"Really ? Politicians steal expenses, bankers rob investors and companies fiddle health and safety rules because they feel helpless about poverty?"

No. That's opportunistic looting in the meleé.

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Anonymous Coward

Question

Is a camera on a bus considered being in a public place?

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Anonymous Coward

Re: Question

Yes. A public place is any place to which the public can be afforded entry whether or payment or not.

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Anonymous Coward

Re: Question

Thanks AC. I wasn't sure what the definition was. It is strange that cameras in 'public' places are exempt from this based purely on who operates them. Personally I'd be even tougher on private organisations who record the public (or at least as strict).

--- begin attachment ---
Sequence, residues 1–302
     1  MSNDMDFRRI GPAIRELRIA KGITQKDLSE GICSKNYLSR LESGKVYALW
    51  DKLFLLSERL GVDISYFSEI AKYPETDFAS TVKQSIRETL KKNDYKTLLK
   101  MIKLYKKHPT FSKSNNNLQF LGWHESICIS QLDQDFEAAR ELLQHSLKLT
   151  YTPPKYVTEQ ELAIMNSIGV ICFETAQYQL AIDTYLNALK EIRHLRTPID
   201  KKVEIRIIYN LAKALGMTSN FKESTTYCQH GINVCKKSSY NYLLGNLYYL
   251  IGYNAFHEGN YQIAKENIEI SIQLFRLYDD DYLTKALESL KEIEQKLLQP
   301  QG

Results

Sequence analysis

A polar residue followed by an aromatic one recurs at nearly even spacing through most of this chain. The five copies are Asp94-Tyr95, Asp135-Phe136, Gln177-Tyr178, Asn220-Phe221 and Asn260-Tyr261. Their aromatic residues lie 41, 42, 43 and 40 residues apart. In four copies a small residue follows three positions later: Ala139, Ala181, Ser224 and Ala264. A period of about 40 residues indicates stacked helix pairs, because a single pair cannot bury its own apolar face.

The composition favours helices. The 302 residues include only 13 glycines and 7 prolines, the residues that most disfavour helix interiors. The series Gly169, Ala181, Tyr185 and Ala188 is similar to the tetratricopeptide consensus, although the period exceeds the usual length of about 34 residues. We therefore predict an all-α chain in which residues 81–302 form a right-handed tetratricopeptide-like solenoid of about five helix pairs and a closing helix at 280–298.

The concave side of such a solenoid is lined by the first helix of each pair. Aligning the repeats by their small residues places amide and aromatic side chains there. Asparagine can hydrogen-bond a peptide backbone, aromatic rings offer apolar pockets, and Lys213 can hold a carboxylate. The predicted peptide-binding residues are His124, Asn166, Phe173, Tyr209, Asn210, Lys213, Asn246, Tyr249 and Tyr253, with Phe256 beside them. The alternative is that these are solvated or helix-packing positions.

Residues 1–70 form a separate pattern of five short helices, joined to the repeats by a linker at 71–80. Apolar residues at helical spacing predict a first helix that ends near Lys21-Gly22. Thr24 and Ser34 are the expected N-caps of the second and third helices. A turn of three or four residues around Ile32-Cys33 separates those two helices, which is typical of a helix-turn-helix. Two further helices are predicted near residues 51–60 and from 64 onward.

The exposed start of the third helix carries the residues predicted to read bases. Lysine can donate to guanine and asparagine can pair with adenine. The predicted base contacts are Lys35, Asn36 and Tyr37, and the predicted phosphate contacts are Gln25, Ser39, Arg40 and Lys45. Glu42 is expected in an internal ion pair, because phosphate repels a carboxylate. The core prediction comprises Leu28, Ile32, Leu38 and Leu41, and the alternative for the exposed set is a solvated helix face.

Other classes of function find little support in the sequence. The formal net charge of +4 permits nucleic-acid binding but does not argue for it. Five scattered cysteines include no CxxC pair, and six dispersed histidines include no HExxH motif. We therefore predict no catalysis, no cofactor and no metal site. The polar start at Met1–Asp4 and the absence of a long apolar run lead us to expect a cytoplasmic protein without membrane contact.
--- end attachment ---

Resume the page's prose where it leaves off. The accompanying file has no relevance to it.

LOL - somebody actually down-voted my question.

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Anonymous Coward

Re: Question

"Is a camera on a bus considered being in a public place?"

I think you'll find that bus drivers would refuse to work after 8:00pm if there wasn't a camera on the bus.

Drivers are considered as at-risk lone-workers, their employers have a duty of care to provide security; a camera is a big deterrent to would-be attackers.

People are poor witnesses, they can be intimidated by violence, studies show their recall of faces and events can be extremely poor. A camera is the equivalent of at least four people; if are you going to put a bobby on every street then it needs to be round the clock, so three shifts per day for seven days a week is twenty-one 8 hour shifts and a single person only works five shifts a week (not taking into account holidays).

People caught on camera tend to admit guilt and save the cost of a trial, when it's a witness then it becomes "he said she said" and CPS may not even bother to prosecute.

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Facepalm

Watchdogs with teeth please

Can we please give our watchdogs some actual fangs to sink into these people who don't follow the rules, it seems that they've been wearing kid gloves that long they don't know how to get them off!